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2. Getting Started

This chapter introduces the typographical conventions used throughout the manual and then continues with showing a few, simple examples on using the Forms Library. It concludes with a short resumee of the programming model typically found in programs using the library.

2.1 Naming Conventions

The names of all Forms Library functions and user-accessible data structures begin with fl_ or FL_, and use an "underscore-between-words" convention, that is when function and variable names are composed of more than one word, an underscore is inserted between each word. For example,


All Forms Library macros, constants and types also follow this convention, except that (at least) the first two letters are capitalized. For example,


The term "form" often can be taken to mean a window of your application. But be aware that there are also can be forms that themselves contain further forms, so "form" and "window" aren't necessarily synonyms.

The only exceptions from the above convention are names of functions related to image manipulations - they start with flimage_. And then there's a single function called flps_init() that allows customization of the way hardcopies are created from an existing user interface.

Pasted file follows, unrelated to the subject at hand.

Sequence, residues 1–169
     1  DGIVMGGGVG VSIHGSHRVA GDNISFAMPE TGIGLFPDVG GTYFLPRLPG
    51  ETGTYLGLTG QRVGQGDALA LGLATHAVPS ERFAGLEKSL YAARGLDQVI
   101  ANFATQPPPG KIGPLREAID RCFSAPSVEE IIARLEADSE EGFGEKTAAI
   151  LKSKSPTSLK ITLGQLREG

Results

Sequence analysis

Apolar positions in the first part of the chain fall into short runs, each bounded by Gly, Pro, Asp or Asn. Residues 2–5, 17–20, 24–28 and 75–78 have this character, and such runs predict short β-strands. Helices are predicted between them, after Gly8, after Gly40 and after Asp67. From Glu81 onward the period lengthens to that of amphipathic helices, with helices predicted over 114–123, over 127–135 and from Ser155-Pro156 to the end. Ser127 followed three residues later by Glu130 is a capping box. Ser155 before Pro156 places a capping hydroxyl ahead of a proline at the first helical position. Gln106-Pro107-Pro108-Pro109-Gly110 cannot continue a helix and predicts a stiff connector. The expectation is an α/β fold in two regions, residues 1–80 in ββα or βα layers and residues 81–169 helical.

2.2 Some Examples

Before using forms for interaction with the user you first have to define them. Next you can display them and perform interaction with them. Both stages are simple. Before explaining all the details let us first look at some examples. A very simple form definition would look as

FL_FORM *simpleform;
simpleform = fl_bgn_form(FL_UP_BOX, 230, 160);
fl_add_button(FL_NORMAL_BUTTON, 40, 50, 150, 60, "Push Me");

The first line indicates the start of the form definition. simpleform will later be used to identify the form. The type of the form is FL_UP_BOX. This means that the background of the form is a raised box that looks like it is coming out of the screen. The form has a size of 230 by 160 pixels. Next we add a button to the form. The type of the button is FL_NORMAL_BUTTON which will be explained below in detail. It is positioned in the form by virtue of the button geometry supplied and has "Push Me" as its label. After having defined the form we can display it using the call